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…performs marginally better than the rest of the region in both exams
Notwithstanding the challenges posed by the deadly COVID-19 pandemic, and torrential rains that resulted in extreme flooding, Guyana outperformed the rest of the region in the 2021 Caribbean Secondary Education Certificate (CSEC) exams and the Caribbean Advanced Proficiency Examinations (CAPE).
CXC’s Director of Operations, Dr. Nicole Manning made the disclosure as she officially released the June/July 2021 Examinations Results on behalf of CXC during a prestigious ceremony at the Arthur Chung Conference Centre (ACCC). CXC’s CEO and Registrar, Dr. Wayne Wesley; Minister of Education, Priya Manickchand; and Chief Education Officer, Dr. Marcel Huston were among dignitaries present during the official launch of the results.
According to Dr. Manning, at the CSEC examinations, 70 per cent of the candidates from Guyana secured acceptable grades (one to three) compared to the region’s 68 per cent. Similarly, 88 per cent of the country’s candidates received acceptable grades (one to five) at CAPE when compared to the region’s 87 per cent in 2021.
Dr. Manning, in her extensive report, said in the case of CSEC, Guyana performed better than the Region in Integrated Science, Biology, EDPM, Human and Social Biology, Information Technology and Office Administration.
For example, 66 per cent of the candidates who wrote Integrated Science at CSEC in 2021 attained acceptable grades (one to three). Guyana, however, performed better with 69 per cent of its candidates securing acceptable grades. Similarly, 93 per cent of the candidates who wrote Biology in Guyana secured acceptable grades while in the Region, 89 per cent of the candidates attained acceptable grades.
The country’s performance in Mathematics has also improved, according to Dr. Manning, who was keen in pointing out that generally, there has been a decline in acceptable grades for that core subject in the Region.
Guyana, however, did not surpass the region in English A, Chemistry, Physics, Social Studies and Principal of Business.
At CAPE, Guyana’s performance was “marginally higher” when compared with the rest of the region. In her presentation, Dr. Manning noted that 100 per cent of the candidates from Guyana received acceptable grades – one to five.
For Communication Studies, 93 per cent of the candidates across the region attained acceptable grades in 2021 when compared to 96 per cent in 2019. However, Guyana’s performance was better with 97 per cent of its candidates securing acceptable grades in the subject.
Similarly, in Sociology Unit I, 96 per cent of the candidates from Guyana secured acceptable grades while 90% of the candidates across the region received acceptable grades in the subject.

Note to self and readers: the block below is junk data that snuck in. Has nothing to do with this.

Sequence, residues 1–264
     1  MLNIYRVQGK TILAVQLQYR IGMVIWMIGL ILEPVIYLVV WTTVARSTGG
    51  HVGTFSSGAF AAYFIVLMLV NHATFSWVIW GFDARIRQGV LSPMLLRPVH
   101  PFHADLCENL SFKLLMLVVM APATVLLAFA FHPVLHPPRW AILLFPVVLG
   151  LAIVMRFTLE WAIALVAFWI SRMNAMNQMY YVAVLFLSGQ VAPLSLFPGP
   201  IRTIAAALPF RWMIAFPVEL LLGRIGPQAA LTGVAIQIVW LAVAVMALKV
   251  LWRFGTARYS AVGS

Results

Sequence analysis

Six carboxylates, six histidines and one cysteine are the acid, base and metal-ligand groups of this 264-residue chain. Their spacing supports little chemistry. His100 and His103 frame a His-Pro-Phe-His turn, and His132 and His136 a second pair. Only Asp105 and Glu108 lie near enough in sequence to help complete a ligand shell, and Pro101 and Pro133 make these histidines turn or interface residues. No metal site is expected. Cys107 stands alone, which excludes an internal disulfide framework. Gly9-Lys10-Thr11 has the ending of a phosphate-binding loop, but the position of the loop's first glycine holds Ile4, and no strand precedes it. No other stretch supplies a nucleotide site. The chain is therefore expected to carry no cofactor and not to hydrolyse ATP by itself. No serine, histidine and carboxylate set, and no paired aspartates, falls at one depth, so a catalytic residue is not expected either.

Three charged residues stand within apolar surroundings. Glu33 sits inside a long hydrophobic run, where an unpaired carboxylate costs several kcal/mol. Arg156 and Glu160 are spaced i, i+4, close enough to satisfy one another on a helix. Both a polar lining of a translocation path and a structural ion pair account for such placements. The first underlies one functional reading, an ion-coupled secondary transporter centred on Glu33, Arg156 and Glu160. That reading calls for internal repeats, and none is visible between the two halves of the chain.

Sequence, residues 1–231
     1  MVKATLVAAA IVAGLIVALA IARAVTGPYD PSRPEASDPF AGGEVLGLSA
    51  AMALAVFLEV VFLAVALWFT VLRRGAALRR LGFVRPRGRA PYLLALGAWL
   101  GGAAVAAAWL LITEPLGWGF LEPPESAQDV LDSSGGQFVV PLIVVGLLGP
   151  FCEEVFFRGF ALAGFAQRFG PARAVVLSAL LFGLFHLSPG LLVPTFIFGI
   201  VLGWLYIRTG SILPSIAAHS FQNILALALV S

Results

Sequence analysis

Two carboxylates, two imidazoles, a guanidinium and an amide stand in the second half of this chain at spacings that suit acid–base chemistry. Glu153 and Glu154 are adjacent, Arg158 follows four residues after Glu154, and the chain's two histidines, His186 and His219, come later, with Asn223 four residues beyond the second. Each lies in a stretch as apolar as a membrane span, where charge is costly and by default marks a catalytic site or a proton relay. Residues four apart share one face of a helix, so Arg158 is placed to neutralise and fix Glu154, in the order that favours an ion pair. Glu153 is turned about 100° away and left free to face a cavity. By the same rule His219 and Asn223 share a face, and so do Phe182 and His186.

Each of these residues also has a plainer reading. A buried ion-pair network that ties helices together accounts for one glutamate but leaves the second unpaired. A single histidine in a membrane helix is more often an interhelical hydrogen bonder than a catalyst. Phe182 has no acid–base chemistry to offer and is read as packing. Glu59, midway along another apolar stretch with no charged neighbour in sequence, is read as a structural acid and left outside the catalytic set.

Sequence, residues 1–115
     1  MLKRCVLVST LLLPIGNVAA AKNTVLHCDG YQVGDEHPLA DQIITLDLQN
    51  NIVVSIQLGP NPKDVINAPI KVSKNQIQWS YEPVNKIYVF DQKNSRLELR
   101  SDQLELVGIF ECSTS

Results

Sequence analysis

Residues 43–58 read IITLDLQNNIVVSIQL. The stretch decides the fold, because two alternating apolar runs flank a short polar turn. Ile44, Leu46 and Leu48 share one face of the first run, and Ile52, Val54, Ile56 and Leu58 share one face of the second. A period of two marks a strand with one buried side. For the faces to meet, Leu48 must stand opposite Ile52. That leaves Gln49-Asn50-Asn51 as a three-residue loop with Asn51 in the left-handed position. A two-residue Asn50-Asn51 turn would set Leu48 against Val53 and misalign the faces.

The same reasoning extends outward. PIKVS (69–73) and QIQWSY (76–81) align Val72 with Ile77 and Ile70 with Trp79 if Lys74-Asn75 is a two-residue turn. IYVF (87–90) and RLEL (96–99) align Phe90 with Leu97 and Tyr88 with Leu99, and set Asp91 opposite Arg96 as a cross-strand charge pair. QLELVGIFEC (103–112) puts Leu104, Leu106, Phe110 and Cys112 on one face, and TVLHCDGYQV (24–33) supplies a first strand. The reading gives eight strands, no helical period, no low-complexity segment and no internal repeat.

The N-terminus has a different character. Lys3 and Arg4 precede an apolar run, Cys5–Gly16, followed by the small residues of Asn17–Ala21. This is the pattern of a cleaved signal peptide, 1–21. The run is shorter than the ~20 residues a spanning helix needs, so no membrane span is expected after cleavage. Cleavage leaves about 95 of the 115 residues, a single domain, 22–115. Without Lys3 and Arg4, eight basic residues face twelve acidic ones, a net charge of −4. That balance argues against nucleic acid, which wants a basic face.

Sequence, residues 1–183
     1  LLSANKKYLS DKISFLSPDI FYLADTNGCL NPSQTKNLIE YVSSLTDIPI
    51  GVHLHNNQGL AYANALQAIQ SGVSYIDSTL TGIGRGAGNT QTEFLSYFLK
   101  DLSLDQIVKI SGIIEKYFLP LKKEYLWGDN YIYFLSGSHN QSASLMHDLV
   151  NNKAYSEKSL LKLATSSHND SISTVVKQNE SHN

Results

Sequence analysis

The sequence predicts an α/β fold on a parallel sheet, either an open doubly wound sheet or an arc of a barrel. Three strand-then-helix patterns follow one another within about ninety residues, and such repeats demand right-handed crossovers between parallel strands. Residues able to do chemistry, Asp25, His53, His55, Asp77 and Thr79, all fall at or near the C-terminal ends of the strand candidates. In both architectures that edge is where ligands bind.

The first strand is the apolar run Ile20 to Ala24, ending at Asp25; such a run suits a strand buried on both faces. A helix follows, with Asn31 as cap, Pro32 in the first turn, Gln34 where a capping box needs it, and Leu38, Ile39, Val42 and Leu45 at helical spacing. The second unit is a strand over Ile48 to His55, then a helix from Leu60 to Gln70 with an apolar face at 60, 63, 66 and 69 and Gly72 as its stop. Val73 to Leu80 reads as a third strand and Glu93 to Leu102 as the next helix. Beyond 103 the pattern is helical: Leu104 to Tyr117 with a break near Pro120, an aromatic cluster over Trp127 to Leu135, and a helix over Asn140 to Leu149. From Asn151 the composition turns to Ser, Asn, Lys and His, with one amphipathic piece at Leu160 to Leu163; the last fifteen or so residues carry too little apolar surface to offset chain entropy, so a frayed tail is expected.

The country also performed better in Biology Unit II, Law Units I & II and Integrated Mathematics.
However, Guyana’s performance was lower in Caribbean Studies, Pure Mathematics Unit I, Pure Math Unit 2, and Chemistry Unit 1.
Due to the challenges posed by the COVID-19 pandemic across the region, and natural disasters Dr. Manning said CXC reduced the requirements for School Based Assessments (SBAs) by as much as 50 per cent in some cases. Based on the stats provided, 94.6 per cent of the candidates submitted their SBAs.
Dr. Manning said what is concerning, is that 4,839 or 5 per cent of the SBAs were not submitted to teachers by students.
Additionally, the council, among other things, delayed examinations by six weeks and as well as the deadline for the submission of SBAs also by six weeks. The topics were also released to students approximately five weeks in advance. The 2021 candidates were also given the option for them to defer their exams to either January 2022 or June 2022.
Despite the changes made to accommodate students, Dr. Manning said there was reduction in both candidate entries as well as subject entries – the lowest in the last four years.
The Director of Operations – CXC – said absenteeism is of concern with 8.83% of the students staying away from the CAPE exams – the highest percentage within the last four years. Further 11.23 per cent of the CSEC students, who registered for the 2021 exams, did not show up.
“…this group would have registered, not necessarily deferred but would have decided not to attend the examinations,” Dr. Manning explained.
In General, CXC has registered thousands of deferral for exams to be written in January 2022 and June 2022.